The Feeling After Death

User - posted on 10/31/2009 ( 2 moms have responded )




My dad had already been gone for a number of years and then it was my mother's time. I was in my 40's. I took care of both of them at home until their deaths. I remember knowing that it was my mother's last day, I was washing the dishes when I realized that I hadn't check on her for a bit. Her breathing was shallow and she needed much more morphine that day. I took her hand and told her that we had made all the arrangements, I was sorry for not checking on her a bit earlier, I loved her, and told her that she could "go" whenever she wanted == and then, she took her last breath. Oh God, the feeling that I wish I could take back what I said, because she'd still be with me, but knowing too, that it was the best thing for her. Of course, the busy time following her death doesn't really allow you to sit and contemplate what just happened. It's when the quiet hits that you realize the magnitude of it all. The next week, I remember getting up and watching the morning news and there was an author being interviewed and the name of the book was something along the lines of I'm an Adult Orphan. That's when it hit me -- and when I heard that I knew that's exactly what I was feeling. Even in adulthood, we still know that our parents are,. well, still our parents and we are their children. It was the most empty feeling I've ever had and it lasted for a long time. I cried every single day for a couple of years, and even more so during the holidays and anniversaries. I still think of both of my parents daily. The daily crying has stopped, but the loss never leaves you. I have my own family, my own problems and I can't just pick up the phone and talk to them, or visit them in the same way. The old addage that time will cure your wounds -- is true in a sense. The more time that goes by, you feel a little different, but I will never, ever forget them. I would take care of them again, in the same way. I just hope that when my time comes, that someone will care enough about me to do the same.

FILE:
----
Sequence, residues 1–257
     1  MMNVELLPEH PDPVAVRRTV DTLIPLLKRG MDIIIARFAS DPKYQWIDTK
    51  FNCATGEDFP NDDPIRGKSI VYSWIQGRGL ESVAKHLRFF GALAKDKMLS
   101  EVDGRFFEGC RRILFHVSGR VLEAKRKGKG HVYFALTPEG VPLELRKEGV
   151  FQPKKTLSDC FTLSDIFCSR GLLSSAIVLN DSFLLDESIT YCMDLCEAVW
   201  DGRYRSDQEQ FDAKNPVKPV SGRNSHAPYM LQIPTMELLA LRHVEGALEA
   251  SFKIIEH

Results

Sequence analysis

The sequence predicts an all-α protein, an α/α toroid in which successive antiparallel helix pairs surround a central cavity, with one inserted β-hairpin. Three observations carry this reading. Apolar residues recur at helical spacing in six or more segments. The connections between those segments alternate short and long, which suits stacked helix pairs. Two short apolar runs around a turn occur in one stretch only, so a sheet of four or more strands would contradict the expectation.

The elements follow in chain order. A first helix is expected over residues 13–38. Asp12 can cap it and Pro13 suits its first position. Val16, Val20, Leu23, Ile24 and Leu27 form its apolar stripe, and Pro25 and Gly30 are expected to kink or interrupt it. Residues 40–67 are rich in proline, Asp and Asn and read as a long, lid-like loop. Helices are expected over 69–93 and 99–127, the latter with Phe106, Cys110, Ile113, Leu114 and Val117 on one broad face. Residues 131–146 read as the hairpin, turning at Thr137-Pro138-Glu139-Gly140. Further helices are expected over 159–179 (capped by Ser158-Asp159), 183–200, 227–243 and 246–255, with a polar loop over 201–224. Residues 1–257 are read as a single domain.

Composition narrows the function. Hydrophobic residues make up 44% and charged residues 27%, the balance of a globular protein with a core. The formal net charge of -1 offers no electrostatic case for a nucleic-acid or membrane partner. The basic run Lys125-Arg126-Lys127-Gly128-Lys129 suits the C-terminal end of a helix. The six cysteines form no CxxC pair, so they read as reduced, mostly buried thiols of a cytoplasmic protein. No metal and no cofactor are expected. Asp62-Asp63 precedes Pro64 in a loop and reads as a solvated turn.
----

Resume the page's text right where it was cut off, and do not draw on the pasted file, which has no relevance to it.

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LaMay - posted on 11/11/2009




Hello Carol, thanks for sharing your story! You truly have touched my heart and I can completely relate!! Please continue to share your wisdom and thoughts...


Cynthia - posted on 11/06/2009




I also call myself an adult orphan. My Dad died at 49 in 1976 when my kids were still small and I still miss him...My Mom died in 1995. I did not live near her but my brother & sister in law did and they "took care" of her while she was in Hospice. I went back to see her for a week when she first went into Hopice care and she would not talk to me until the day before I left! My husband brought out my daughter and her children and she would not see them. My daughter and I had agreed to let Mom decide and go with her wishes. Sometimes I still feel a little hurt that she did not at least see my daughter. (they visited with my grandmother instead which was nice for them) But it did get her to talk with me after she realized I would not force her to see them. She wanted them to remember her as she had been before she was sick. I called her every day after I got back home and told her i loved her and when she got very weak the Hospice nurse sould hold the phone for her.

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